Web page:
reference29 - 2334 J. Electrochem. Soc., Vol. 138, No. 8,...

Info iconThis preview shows pages 1–2. Sign up to view the full content.

View Full Document Right Arrow Icon

Info iconThis preview has intentionally blurred sections. Sign up to view the full version.

View Full DocumentRight Arrow Icon
This is the end of the preview. Sign up to access the rest of the document.

Unformatted text preview: 2334 J. Electrochem. Soc., Vol. 138, No. 8, August 1991 The Electrochemical Society, Inc. 5. U n io n C arbide Corporation, C arbon P roducts Division (now A M O CO P e r f o r m a n c e Products), Technical In- form ation Bulletins 465-223,465-225, 465-246. 6. P. Wagner, J. Am. Ceramic Soc., 55, 214 (1971). 7. O. M. Baycura, IEEE Trans. Indust., 5, 208 (1968). 8. K. K inoshita and S. C. Leach, This Journal, 129, 1993 (1982). 9. "C h em ical E ngineers H a n d b o o k ," 5th ed., R. H. P erry and C. H. Chilton, McGraw-Hill, N e w Y ork (1973). 10. W. L. I n g m a n s o n et aI., TAPPI, 42, 840 (1959). Polymer Electrolyte Fuel Cell Model T. E. Springer,* T. A. Zawodzinski,* and S. Gottesfeld* Los Alamos National Laboratory, Los Alamos, New Mexico 87545 A B S T R A C T We present here an isotherm al, one-dim ensional, steady-state m o d el for a co m p lete p o ly m e r electrolyte fuel cell (PEFC) w ith a 117 Nation | m e m b ra n e . In this m o d e l w e e m p lo y w ater diffusion coefficients electro-osm otic drag coeffi- cients, w ater sorption isotherm s, and m e m b r a n e conductivities, all m easured in our laboratory as functions of m e m b r a n e w ater content. T he m o d e l pre.dicts a net-w ater-per-proton flux ratio of 0.2 H20/H § u n d er typical operating conditions, w h ich is m u c h less than the m e a s u re d electro-osm otic drag coefficient for a fully hydrated m em b ran e. It also predicts an increase in m e m b r a n e resistance w ith increased current density and dem onstrates the great advantage of a th in n e r m em - brane in alleviating this resistance problem . B oth of these predictions w ere verified ex p erim en tally u n d e r certain condi- tions. F u el cells e m p lo y in g hydrated Nation or other hydrated perfluorinated io n o m eric m aterials as the electrolyte are prom ising candidates for electric vehicle applications (1). T he p o ly m e r electrolyte provides r o o m te m p e ra tu re start- up, elim ination o f m a n y corrosion problem s, and the po- tential for low resistance losses. Resistive losses w ithin the fuel cell result, in part, from the decrease of m e m b r a n e protonic c o n d u c tiv ity follow ing partial dehydration of the m em b ran e. On the other hand, cathode flooding problem s are caused w h e n too m u c h w ater is in the system. Clearly, w ater m a n a g e m e n t w ithin the fuel cell involves w alking a tightrope b e tw e e n the two extrem es. Spatial variations of w ater content w ithin the polym eric electrolyte of a current~carrying fuel cell result from the electro-osm otic dragging of w ater w ith proton transport from anode to cathode, the p ro d u ctio n of w ater by the oxy- gen red u ctio n reaction at the cathode, hum idification con- ditions of the inlet gas streams, and "back-diffusion" of w ater from cathode to anode, w h ic h lessens the concentra- tion gradient....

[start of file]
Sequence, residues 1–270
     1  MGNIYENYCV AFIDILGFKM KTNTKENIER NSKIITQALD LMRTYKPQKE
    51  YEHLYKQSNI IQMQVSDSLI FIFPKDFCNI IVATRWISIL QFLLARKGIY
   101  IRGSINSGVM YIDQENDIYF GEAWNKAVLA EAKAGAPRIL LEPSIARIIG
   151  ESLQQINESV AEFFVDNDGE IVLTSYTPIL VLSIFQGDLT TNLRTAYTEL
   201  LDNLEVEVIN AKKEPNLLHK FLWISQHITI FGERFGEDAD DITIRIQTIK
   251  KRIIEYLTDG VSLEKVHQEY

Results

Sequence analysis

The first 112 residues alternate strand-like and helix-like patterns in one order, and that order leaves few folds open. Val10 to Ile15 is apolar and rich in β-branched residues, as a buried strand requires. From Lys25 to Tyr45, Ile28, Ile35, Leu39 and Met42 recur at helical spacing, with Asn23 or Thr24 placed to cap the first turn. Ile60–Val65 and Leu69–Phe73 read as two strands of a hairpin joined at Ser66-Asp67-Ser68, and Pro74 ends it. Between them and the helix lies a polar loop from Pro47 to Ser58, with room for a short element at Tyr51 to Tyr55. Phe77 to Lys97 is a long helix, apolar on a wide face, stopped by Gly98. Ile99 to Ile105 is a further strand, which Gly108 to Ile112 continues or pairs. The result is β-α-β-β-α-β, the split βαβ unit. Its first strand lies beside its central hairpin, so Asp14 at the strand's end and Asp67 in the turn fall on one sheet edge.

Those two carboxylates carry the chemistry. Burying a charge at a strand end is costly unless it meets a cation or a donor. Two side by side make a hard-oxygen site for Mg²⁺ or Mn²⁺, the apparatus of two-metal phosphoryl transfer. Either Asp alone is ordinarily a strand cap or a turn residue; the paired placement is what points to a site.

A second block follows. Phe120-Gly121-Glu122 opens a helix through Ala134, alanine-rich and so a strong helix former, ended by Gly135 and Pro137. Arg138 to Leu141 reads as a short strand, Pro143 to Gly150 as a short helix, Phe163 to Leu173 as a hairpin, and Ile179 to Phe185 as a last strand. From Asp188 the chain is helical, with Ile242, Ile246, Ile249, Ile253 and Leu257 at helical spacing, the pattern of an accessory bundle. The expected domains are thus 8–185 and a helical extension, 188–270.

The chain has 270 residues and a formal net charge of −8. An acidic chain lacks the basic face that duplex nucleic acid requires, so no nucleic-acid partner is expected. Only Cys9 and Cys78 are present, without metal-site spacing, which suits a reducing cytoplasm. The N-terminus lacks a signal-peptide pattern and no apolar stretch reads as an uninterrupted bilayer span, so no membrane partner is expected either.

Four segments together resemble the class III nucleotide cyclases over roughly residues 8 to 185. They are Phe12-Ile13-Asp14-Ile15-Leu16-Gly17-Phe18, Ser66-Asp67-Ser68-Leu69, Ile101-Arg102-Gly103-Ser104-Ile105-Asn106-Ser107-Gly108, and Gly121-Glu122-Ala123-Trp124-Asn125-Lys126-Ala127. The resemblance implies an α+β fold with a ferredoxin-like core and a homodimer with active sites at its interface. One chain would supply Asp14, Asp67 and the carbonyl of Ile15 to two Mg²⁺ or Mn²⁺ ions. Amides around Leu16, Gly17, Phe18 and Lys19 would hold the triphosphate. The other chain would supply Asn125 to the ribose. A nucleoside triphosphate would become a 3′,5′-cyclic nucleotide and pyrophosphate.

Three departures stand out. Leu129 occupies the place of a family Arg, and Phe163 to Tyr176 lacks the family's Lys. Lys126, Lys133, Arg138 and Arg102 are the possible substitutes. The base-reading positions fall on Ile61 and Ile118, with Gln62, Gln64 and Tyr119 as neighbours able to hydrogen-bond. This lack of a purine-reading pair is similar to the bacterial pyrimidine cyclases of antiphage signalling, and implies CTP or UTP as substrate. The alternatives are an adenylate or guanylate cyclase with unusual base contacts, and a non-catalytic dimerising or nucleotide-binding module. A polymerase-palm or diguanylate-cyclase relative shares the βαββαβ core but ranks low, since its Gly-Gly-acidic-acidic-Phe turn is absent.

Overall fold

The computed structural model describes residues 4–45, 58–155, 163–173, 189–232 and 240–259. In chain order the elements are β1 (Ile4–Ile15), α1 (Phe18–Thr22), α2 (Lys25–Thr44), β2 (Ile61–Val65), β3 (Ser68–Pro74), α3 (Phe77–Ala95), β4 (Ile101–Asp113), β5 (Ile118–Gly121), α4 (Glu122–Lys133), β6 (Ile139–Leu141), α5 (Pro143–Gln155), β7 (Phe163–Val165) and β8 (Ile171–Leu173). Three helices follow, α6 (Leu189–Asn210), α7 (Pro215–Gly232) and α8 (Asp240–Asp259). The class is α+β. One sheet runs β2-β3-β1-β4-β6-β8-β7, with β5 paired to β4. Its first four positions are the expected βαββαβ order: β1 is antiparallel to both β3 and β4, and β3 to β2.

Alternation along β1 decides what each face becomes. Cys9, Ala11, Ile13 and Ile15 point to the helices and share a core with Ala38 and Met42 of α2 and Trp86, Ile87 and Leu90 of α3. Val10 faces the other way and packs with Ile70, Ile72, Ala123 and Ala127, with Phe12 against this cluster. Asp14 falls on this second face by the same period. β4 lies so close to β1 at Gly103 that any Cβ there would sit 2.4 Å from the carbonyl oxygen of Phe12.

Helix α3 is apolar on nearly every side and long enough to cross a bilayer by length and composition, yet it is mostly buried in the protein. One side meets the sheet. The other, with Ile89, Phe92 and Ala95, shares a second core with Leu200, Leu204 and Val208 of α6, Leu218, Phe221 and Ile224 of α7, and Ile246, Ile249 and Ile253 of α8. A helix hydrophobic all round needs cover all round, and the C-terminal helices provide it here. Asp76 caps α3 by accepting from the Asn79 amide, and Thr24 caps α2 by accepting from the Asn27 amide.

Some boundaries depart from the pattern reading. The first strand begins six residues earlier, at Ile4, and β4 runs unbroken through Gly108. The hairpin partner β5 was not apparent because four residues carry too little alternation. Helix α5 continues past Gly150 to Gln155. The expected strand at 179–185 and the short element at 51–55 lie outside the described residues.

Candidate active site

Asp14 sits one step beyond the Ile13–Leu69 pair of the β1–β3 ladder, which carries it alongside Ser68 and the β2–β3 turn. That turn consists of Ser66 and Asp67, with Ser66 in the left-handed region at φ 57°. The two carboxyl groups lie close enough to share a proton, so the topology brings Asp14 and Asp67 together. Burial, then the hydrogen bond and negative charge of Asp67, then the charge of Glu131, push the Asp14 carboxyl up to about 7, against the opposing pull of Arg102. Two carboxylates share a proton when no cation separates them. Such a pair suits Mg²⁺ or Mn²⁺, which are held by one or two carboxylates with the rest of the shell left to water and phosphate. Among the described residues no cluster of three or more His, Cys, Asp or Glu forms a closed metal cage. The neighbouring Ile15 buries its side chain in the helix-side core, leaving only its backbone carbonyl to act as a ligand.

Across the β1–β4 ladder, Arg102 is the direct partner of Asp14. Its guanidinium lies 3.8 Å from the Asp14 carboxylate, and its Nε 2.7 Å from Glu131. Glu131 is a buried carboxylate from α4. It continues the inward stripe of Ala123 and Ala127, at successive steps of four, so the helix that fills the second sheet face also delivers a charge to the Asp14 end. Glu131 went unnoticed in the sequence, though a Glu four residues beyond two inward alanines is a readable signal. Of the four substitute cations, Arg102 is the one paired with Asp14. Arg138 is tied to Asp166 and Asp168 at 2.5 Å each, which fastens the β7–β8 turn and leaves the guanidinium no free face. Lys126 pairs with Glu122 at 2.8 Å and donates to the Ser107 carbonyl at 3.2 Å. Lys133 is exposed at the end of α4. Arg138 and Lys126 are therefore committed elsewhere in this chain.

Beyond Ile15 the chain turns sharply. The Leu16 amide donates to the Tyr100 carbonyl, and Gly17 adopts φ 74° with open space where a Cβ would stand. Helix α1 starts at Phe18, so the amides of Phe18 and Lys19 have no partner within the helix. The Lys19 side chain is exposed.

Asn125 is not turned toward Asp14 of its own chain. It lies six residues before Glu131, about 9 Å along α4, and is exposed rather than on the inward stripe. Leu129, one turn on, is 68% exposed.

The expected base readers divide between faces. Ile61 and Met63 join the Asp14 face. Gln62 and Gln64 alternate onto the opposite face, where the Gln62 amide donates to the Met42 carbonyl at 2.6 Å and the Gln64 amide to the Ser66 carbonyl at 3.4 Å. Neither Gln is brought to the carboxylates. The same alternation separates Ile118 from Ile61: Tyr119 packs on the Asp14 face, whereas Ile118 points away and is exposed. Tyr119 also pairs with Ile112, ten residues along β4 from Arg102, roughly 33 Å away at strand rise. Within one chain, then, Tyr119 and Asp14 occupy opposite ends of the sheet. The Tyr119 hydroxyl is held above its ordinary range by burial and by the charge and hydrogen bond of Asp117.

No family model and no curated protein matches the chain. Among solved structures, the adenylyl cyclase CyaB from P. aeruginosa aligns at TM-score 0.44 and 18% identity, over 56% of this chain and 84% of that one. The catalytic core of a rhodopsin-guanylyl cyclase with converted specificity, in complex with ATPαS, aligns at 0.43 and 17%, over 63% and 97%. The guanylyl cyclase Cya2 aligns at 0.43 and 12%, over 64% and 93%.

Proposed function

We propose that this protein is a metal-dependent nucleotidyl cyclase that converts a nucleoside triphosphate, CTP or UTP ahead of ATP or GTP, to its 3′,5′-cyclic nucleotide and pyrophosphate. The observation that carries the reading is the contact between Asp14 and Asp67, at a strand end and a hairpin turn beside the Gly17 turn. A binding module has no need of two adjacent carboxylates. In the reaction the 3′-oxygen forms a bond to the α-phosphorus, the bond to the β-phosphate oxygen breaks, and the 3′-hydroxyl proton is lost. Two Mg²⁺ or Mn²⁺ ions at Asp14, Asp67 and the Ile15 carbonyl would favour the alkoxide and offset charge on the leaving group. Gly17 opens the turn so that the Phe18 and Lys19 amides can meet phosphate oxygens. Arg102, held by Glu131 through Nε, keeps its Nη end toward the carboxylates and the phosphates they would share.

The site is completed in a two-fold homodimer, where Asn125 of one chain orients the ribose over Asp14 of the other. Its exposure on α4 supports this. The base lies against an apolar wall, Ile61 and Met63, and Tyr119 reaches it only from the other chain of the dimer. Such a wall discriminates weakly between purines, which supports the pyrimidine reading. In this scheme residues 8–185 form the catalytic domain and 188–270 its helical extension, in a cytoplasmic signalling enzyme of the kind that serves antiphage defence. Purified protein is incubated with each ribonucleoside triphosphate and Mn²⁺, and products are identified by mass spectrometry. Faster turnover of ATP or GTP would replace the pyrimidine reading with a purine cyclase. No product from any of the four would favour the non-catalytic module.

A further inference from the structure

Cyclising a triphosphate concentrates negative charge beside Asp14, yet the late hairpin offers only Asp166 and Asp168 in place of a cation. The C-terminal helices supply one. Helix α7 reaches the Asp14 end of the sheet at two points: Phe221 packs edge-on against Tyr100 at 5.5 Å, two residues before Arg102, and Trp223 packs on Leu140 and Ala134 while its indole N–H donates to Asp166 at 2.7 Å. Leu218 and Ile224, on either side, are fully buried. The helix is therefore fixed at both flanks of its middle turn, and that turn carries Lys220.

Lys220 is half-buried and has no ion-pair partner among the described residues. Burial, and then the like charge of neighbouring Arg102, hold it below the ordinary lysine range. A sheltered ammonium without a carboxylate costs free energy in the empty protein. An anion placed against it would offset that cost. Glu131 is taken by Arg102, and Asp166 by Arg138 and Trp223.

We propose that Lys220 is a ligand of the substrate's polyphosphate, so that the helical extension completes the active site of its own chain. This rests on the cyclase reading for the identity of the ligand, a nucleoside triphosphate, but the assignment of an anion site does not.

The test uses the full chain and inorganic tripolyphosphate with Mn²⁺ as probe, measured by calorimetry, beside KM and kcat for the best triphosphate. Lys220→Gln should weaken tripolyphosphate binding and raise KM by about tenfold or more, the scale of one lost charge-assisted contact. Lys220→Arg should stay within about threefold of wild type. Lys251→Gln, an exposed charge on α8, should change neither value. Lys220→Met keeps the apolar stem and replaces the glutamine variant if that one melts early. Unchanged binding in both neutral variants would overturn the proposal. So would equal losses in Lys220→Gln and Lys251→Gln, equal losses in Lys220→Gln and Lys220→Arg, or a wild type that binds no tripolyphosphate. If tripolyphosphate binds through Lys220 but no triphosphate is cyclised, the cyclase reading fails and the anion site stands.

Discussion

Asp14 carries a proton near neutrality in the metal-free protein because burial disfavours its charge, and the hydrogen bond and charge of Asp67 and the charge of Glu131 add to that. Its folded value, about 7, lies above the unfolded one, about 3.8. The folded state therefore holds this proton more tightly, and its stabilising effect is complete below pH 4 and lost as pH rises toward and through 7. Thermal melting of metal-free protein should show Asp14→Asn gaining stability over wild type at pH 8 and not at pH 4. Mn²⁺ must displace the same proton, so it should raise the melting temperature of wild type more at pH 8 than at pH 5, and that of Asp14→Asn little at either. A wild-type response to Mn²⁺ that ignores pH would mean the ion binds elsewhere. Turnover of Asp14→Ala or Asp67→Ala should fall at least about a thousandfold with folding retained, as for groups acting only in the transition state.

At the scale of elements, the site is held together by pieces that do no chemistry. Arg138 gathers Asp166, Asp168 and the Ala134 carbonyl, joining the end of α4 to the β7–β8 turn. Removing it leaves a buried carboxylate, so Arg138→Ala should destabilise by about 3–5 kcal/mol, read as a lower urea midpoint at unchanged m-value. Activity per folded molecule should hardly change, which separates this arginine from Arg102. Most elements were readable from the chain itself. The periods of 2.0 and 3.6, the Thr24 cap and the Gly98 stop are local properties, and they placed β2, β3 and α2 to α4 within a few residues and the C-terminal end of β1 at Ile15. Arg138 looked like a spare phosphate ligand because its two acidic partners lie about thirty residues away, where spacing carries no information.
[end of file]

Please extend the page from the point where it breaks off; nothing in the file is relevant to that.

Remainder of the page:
View Full Document

This note was uploaded on 10/28/2010 for the course EE 89 taught by Professor Asgarian during the Fall '10 term at Amirkabir University of Technology.

Page1 / 9

reference29 - 2334 J. Electrochem. Soc., Vol. 138, No. 8,...

This preview shows document pages 1 - 2. Sign up to view the full document.

View Full Document Right Arrow Icon
Ask a homework question - tutors are online